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Re: [Spam] Re: Question about HTML abbr and acronym tags

From: Christoph Päper <christoph.paeper@crissov.de>
Date: Thu, 10 Jan 2008 08:22:39 +0100
Message-Id: <A0A13BDE-7F49-49E8-B683-9F968FA24345@crissov.de>
To: W3C HTML <www-html@w3.org>

Jukka K. Korpela:
> If you jump into the middle of some page, you cannot expect to  
> start reading it smoothly.

That's a very common scenario in hypertext environments, though. I  
would expect any hypertext markup language to help solving such  
issues that are unusual (although not impossible) for traditional  
sequential texts. Sadly only few authors know how to write non-linear  
texts well. Technology should help, but can't be the solution alone.

> Why would abbreviations and acronyms deserve some _special_ treatment?

One use of this markup is typography, which is independet from the  
problem you raise. There is a semantic reason for any text typeset  
different to the default. These reasons are often badly understood,  
because there's a limited set of acceptable styling possibilities,  
e.g. there are n reasons for italics. That's why it's so hard for  
readers to become writers that don't think in B, I and U buttons.

Another use is in assisstive technology, because the graphic  
realisation of language is often quite different from the phonic.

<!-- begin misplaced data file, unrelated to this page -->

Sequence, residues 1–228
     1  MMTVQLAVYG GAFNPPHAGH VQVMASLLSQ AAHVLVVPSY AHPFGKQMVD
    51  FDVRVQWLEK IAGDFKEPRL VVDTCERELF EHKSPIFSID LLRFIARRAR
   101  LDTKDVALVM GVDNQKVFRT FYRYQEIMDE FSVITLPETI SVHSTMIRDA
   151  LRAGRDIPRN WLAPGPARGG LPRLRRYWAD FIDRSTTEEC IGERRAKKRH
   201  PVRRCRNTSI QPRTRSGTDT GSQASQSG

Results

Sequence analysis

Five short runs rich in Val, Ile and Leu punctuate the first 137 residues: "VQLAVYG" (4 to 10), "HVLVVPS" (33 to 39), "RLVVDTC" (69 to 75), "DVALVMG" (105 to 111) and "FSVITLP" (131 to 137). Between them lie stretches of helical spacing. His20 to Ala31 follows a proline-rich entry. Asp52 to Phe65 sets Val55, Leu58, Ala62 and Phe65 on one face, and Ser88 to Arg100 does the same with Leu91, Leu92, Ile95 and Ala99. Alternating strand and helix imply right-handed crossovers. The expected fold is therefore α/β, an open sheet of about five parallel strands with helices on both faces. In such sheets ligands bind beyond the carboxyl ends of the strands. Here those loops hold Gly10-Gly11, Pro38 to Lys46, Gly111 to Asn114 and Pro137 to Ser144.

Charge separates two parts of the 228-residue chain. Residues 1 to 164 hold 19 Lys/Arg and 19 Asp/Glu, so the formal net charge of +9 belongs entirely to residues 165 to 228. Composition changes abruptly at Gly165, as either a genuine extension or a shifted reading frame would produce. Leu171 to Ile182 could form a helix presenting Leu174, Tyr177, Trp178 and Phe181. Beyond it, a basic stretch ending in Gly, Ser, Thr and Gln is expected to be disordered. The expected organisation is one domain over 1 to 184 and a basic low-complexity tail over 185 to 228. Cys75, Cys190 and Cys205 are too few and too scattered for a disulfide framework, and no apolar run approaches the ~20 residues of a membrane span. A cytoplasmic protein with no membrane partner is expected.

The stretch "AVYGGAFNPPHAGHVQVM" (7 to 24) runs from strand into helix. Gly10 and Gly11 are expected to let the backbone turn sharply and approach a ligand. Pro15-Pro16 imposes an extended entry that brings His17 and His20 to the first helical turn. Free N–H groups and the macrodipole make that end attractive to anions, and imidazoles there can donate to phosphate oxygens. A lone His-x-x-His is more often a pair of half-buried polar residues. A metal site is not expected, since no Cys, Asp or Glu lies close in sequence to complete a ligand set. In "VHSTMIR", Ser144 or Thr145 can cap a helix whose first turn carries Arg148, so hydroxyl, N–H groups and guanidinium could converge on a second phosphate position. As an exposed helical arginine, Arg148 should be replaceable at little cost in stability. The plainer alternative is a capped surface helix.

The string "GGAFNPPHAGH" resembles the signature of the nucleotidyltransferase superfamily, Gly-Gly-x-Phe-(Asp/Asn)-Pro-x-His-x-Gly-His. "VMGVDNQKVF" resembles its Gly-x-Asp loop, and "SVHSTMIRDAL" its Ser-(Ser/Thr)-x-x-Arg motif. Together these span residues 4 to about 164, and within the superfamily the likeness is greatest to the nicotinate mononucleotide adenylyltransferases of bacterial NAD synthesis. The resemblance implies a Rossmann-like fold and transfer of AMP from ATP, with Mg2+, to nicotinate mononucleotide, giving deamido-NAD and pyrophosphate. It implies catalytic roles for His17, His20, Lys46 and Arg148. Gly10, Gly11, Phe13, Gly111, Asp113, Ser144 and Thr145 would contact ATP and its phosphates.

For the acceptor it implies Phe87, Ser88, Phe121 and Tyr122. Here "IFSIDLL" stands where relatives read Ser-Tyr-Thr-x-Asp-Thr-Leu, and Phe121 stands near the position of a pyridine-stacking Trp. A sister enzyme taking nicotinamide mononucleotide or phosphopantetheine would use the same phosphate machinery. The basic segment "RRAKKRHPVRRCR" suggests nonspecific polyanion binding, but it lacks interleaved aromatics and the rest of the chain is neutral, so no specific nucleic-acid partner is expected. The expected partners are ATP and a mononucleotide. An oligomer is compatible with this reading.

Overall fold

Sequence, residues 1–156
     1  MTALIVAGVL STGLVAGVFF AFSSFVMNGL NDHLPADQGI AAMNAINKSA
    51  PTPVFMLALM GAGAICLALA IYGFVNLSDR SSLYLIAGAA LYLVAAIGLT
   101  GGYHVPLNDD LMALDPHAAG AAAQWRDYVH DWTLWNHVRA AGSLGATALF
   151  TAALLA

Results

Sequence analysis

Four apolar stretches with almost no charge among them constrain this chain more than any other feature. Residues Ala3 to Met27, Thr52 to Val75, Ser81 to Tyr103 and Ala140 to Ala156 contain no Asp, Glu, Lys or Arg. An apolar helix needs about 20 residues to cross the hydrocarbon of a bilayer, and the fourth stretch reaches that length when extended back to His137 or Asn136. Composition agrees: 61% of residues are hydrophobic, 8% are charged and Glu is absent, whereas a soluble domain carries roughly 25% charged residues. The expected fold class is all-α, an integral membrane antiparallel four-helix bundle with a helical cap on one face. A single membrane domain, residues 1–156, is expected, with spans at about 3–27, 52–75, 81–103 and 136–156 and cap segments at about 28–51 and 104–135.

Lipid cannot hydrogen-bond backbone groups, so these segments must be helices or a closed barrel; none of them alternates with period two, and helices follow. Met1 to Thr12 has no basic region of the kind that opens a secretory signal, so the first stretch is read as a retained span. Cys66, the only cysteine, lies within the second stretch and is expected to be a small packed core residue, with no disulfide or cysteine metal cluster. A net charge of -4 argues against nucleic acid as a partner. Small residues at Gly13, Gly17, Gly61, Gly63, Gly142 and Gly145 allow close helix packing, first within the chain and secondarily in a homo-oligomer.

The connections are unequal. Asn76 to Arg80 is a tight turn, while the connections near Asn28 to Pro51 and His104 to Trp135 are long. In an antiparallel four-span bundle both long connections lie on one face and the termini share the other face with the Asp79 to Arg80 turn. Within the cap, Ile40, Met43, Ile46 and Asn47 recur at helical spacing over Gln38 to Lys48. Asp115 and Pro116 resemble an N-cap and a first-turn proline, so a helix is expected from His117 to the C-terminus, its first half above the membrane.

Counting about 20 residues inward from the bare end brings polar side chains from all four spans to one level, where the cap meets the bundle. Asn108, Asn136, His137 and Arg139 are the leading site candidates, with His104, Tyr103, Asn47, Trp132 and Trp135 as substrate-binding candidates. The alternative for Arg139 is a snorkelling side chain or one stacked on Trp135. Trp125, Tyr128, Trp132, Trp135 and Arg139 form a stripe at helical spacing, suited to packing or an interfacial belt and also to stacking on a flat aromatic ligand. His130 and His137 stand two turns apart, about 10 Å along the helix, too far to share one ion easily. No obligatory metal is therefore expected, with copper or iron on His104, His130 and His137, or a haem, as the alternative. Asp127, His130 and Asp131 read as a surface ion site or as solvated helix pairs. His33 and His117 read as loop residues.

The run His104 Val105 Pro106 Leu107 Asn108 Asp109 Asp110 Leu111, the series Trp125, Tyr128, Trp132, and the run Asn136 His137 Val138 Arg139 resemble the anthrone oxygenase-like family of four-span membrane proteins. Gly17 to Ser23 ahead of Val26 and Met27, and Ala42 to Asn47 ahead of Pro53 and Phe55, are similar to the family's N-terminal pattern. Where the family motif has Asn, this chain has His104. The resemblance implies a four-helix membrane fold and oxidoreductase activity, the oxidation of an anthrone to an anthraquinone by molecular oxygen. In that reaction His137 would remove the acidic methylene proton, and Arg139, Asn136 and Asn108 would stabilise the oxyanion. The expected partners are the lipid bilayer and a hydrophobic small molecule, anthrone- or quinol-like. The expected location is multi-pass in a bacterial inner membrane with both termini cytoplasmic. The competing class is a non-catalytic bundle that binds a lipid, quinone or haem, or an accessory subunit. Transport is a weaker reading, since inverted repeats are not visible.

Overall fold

It's difficult to develop machine-implementable heuristics that don't  
fail too often. We usually don't use abbreviations in oral speech,  
but acronyms/initialisms are common and shortenings sometimes.
Btw., are there usable screenreaders for non-alphabetic written  
languages? How do they know which reading applies (e.g. "fujisan" vs.  
"fujiyama")?

Another use is meaning distinction or clarification. Here your  
argument applies and this is very similar to any use of /terms/.

> Strange _terms_ are much more difficult, especially if they are  
> common words in uncommon meanings.

That's why their every instance should be marked up and their  
definitions, too, so the user agent may assisst its user to look them  
up on request. This may be as simple as a hyperlink, perhaps further  
categorised (|rel|) or collective (|link rel=glossary|).

>> So either the author need to expand the abbreviation/acronym at  
>> every single instance, or he/she uses something like the abbr and  
>> acronym elements.

It's very unhyper to repeat definitions or expansions verbatim.

> You _would_ then be expanding them at every single instance, just  
> in a title attribute


I agree that it's nonsense to repeatedly give the same |title| for | 
abbr|, for |acronym| (or frequent abbreviations like 'e.g.') it's  
hardly ever useful to give it even once.

I wish I had the time to write a more elaborate aswer.
Received on Thursday, 10 January 2008 07:22:40 GMT

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